I’ve personally never been on such a well constructed hiking path in all my life. Throughout the trail, you’ll have guardrails when you need then and stone steps or grated staircases on the higher inclines. There are also perfectly carved out tunnels at ideal points in the trail, with flat paths to walk on, which shave off a tremendous amount of time and energy to complete this hike.
One of my favourite parts of the Vereda do Arieiro is walking the narrow ridge made up of stairs shortly after passing the Ninho da Manta viewpoint, about 10 minutes into the hike. Second to that was when we brushed passed the intense flora consisting of wildflowers and tropical plants while hearing the near sound of birds chirping, just shortly before reaching our first tunnel – Tunel do Gato. We were constantly above the clouds throughout the entire day, which was just incredible! But it also meant that we were almost always exposed to the sun, apart from when the mountain faces hid us in the shade from the morning light.
Halfway there, we began our ascent via a long stretch of steps which certainly got our hearts pumping. This was the hardest part but thankfully we were kept cool. Not long after reaching the top of the steps, we walked through what was once a forested section, but now an iconic trail covered with white and grey barren trees as a result of a fire. Finally, we reached the teahouse – Casa de Abrigo do Pico Ruivo – before marching on to finish at the wide and open area to mark the highest point in all of Madeira. Pat yourself on the back for making it this far, crossing nearly 6km and over 500m in elevation gain!
If it’s too daunting to make your way back to Pico do Arieiro by foot, you can opt out of completing the out-and-back trail by walking the flat and easy trail to the Achada do Teixeira parking lot and having a taxi pick you up from here. Plan ahead and set up your transportation before going on the hike if you can, or have one of the other taxi drivers in the lot who are waiting for their clients call one up for you. To drive you all the way back to Arieiro, it will cost around 60 (euros) as it’s a full hour-long drive. It can be worth it if you really don’t want to spend the hours trekking back down and up in the afternoon heat! We have no regrets or shame for choosing to save our feet and time over our money.
Day 4 – Seixal Beach, São Vicente & Western Cliffs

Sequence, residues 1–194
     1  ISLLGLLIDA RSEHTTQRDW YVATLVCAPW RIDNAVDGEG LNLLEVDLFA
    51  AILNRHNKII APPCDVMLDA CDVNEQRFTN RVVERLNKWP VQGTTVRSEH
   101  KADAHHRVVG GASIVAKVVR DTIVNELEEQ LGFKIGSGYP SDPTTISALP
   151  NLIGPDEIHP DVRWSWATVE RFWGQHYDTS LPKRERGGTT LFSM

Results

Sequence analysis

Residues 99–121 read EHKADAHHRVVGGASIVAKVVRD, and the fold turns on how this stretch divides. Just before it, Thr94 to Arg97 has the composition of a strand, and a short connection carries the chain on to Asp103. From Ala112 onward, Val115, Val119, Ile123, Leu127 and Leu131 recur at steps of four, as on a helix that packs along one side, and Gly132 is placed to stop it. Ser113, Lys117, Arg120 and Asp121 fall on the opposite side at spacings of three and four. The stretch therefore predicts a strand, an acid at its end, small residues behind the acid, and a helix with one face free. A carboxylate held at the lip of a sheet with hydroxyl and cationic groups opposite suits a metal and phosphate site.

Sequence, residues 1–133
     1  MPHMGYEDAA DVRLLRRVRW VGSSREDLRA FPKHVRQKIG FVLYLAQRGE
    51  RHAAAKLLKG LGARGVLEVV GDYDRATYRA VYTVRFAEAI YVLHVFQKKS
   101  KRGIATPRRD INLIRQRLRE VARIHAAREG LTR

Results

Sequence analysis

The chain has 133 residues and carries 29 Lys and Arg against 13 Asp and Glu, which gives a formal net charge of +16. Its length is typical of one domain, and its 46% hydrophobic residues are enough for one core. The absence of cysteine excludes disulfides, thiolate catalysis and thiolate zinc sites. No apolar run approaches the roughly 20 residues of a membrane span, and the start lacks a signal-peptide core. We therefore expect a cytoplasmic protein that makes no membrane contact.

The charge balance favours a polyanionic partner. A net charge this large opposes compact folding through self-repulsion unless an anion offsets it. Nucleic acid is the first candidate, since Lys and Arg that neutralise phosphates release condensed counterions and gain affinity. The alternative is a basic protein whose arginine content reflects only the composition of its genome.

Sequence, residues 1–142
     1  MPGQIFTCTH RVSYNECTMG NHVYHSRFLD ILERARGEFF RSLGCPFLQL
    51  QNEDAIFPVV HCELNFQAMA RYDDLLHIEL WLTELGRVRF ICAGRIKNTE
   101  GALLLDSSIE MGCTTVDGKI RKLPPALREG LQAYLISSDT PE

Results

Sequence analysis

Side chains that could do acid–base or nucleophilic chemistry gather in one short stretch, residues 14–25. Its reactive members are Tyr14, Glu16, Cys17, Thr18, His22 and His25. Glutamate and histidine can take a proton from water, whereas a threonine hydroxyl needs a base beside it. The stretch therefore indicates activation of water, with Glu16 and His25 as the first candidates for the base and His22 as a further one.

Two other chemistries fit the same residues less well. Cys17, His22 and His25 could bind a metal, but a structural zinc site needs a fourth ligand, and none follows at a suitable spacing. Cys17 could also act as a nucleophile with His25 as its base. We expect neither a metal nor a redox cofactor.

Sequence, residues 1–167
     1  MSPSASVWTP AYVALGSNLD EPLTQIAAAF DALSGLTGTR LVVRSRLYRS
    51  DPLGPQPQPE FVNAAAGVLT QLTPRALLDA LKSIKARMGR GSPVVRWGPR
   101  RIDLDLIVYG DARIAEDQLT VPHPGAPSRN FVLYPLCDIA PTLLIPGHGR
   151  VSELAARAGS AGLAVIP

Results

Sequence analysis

A full-blown day of hiking the tallest peaks in Madeira is much deserving of a day of ease and calm beach time. Yet, sunrise chasing in Madeira should never cease! Praia do Porto do Seixal is one of Madeira’s only accessible black sand beaches where the sand is so fine you’ll feet will feel like they’re walking on black cloud!
We were blessed with the most incredible sunrise here as the rain clouds hovered low yet high enough for the sun to illuminate them all from the horizon. It was perfect! Even if you don’t catch the colours that we did, the water is so warm you’ll want to have a swim here or just wad your feet in the shallow waters, dipping your toes in the sponge-like sand. Additionally, the coastal hills and cliffs of the North and the waterfall Véu da Noiva are such a stunning backdrop framing the ocean on the right that no matter what time of the day, you’ll witness a memorable view.
Véu da Noiva
After catching a glimpse of this stunning bridal veil waterfall from the beach of Seixal, you’ll have to get up close to it from its viewpoint, Miradouro do Véu da Noiva. Within a five-minute drive, you’ll reach the spot just across from the snack bar and souvenir shops. The observation deck doesn’t offer much room considering how busy this landmark can get in the afternoon, but you’ll likely have it all to yourself like we did when visiting in the morning.
Apart from the metal observation deck, there’s a small terrace that you can walk across to reach the stone ledge to sit on. Approach it with caution as there are no guardrails here, but you’ll get a front row seat of the falls, cliffs and ocean!